A few years ago, the Occupy movement appropriated Guy Fawkes masks as a symbol of resistance against an all-seeing state. The masks served two purposes – to anonymize participants in protests that were being filmed and shared around the internet, and to create an image of solidarity. While Guy Fawkes has been a symbol of resisting authority for hundreds of years (ever since his attempt to blow up the houses of Parliament), the mask that was used had been popularized by Alan Moore’s graphic novel, “V for Vendetta,” which was later made into a film of the same name.
Now, it looks like Thai protesters against the military coup have taken on a symbol from another film: the three-fingered salute from The Hunger Games franchise. While the exact meaning of the salute (in the context of Thai political protesters) isn’t precisely clear, its use as a symbol of resistance to authority is. So much so that the military has made statements saying they will arrest any group of more than five people using the sign if those people refuse to disperse and desist.
The Guardian published an article deriding the appropriation of mass-culture symbols as displays of political protest, finding the gestures “intellectually bankrupt” as compared to the gestures of the past, and this seems unfair. Isn’t the point of a political hand gesture that it requires no outside resources and can be performed by anyone wishing to take part in resisting authority? That it’s widely recognizable by members of society, while perhaps escaping the notice of authorities? Reading from the Canadian Globe & Mail, it would seem that the junta isn’t even sure of what the protesters are symbolizing when they use The Hunger Games’ three-fingered salute.
While I’m no fan of The Hunger Games novels, finding fault with a mode of expression available to those under military rule seems petty and unnecessary. If The Guardian finds the Thai protesters’ use of Suzanne Collins’ fictional gesture, like that of Occupy’s use of the Fawkes mask, to be intellectually bankrupt, their insistence is intellectual naval-gazing:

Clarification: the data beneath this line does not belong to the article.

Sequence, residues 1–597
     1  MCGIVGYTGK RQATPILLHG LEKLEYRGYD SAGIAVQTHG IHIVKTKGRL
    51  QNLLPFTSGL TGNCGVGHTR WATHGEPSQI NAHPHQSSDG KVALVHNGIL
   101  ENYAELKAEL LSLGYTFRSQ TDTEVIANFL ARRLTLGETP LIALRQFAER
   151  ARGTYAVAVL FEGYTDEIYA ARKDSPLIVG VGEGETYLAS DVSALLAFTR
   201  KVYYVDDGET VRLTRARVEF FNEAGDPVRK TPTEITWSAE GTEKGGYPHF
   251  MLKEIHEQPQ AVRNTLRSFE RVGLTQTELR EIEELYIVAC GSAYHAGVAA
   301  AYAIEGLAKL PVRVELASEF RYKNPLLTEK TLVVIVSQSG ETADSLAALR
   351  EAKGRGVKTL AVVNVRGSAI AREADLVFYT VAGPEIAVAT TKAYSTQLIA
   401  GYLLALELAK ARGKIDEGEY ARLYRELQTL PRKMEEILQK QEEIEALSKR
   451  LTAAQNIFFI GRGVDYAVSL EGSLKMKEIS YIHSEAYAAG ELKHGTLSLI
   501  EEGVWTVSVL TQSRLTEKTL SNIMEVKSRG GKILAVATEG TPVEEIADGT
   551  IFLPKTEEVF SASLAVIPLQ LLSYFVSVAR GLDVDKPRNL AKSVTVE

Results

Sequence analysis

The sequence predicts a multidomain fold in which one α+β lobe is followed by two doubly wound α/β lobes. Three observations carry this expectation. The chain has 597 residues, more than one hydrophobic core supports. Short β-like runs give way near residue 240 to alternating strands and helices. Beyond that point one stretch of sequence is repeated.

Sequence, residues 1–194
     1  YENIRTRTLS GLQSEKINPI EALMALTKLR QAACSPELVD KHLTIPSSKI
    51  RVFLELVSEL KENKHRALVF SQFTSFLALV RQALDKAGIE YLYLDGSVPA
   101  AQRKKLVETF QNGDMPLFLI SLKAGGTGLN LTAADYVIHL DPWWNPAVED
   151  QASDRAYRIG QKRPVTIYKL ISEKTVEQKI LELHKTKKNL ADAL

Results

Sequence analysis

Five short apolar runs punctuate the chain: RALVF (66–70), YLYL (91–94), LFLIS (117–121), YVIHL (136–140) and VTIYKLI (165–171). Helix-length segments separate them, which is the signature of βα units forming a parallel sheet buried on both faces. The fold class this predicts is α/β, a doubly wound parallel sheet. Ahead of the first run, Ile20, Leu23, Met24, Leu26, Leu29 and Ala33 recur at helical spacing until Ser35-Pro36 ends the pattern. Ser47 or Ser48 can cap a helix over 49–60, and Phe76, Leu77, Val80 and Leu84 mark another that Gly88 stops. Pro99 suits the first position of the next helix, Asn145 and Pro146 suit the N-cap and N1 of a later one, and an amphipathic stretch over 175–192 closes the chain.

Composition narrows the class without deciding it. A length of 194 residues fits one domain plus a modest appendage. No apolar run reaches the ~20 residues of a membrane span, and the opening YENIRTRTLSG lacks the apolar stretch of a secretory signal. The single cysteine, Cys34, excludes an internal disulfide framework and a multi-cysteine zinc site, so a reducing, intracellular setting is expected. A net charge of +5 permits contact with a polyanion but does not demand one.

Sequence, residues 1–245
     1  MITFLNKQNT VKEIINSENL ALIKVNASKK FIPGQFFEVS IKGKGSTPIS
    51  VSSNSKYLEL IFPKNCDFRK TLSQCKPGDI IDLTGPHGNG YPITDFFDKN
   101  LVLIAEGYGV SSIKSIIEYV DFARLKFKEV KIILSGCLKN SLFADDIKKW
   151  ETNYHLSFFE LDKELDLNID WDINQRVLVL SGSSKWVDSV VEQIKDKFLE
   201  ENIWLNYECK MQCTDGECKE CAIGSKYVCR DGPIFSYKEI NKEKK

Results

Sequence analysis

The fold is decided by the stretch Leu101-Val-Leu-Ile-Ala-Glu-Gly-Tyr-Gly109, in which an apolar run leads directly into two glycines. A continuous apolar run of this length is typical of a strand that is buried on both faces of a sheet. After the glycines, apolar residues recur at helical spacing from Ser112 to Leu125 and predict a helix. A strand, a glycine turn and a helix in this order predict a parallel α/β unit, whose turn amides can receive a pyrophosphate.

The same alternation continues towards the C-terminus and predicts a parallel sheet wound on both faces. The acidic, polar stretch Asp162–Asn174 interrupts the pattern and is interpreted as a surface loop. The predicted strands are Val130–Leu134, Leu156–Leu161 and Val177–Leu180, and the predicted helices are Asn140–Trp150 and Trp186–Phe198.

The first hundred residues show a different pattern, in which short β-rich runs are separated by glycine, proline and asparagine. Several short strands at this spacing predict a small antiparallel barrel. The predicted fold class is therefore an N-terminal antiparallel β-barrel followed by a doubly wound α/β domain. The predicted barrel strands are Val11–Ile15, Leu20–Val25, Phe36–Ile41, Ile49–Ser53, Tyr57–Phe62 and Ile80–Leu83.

Images have meaning. The clenched fist of Marxist revolutionaries was not just a gesture. Behind it lay a history of revolution going back to 1789 and a huge body of serious political thought from The Eighteenth Brumaire of Louis Bonaparte to the writings of Antonio Gramsci. But what does it actually mean to claim allegiance to The Hunger Games?
Whatever its literary quality, The Hunger Games enjoys widespread recognition thanks to its blockbuster success as a film, and the gesture adopted by these protesters is instantly recognizable to teens and young adults bound up in the franchise, around the world. If the writer of this article thinks the Thai protesters are “claim[ing] allegiance” to the franchise, they’re either being deliberately derogatory or else unprofessionally obtuse. With limited resources and few opportunities for group gatherings, what better way to get a message out about how the protesters feel their rights are being trampled on than to use a pop-culture gesture that’s loaded with weight and meaning?
The hand-gesture symbols of the 20th century were just as manufactured and have gained widespread respect over time. From Wikipedia, regarding the “V-for-victory” sign that gained popularity during WWII:
On January 14, 1941, Victor de Laveleye, former Belgian Minister of Justice and director of the Belgian French-speaking broadcasts on the BBC (1940–1944), suggested in a broadcast that Belgians use a V for victoire (French: “victory”) and vrijheid (Dutch: “freedom”) as a rallying emblem during World War II. In the BBC broadcast, de Laveleye said that “the occupier, by seeing this sign, always the same, infinitely repeated, [would] understand that he is surrounded, encircled by an immense crowd of citizens eagerly awaiting his first moment of weakness, watching for his first failure.” Within weeks chalked up Vs began appearing on walls throughout Belgium, the Netherlands, and northern France.
Buoyed by this success, the BBC started the “V for Victory” campaign, for which they put in charge the assistant news editor Douglas Ritchie posing as “Colonel Britton”. Ritchie suggested an audible V using its Morse code rhythm (three dots and a dash). As the rousing opening bars of Beethoven’s Fifth Symphony had the same rhythm, the BBC used this as its call-sign in its foreign language programmes to occupied Europe for the rest of the war. The more musically educated also understood that it was the Fate motif “knocking on the door” of the Third Reich. ( Listen to this call-sign. (help·info)). The BBC also encouraged the use of the V gesture introduced by de Laveleye.
Using pop culture, art and the will of the people to manufacture ways to express dissatisfaction with political leadership is a technique that’s been used through the ages, around the world.
By criticizing Thai protesters for using the methods of protest readily available to them and insisting they adopt an intellectually-sanctioned (Western) gesture of political protest instead, the Guardian article only demonstrates its own ethnocentrism and ivory-tower intellectualism, showing its own irrelevance when it comes to commenting on the right of oppressed people to choose their own method of showing dissatisfaction with their ruling over-class.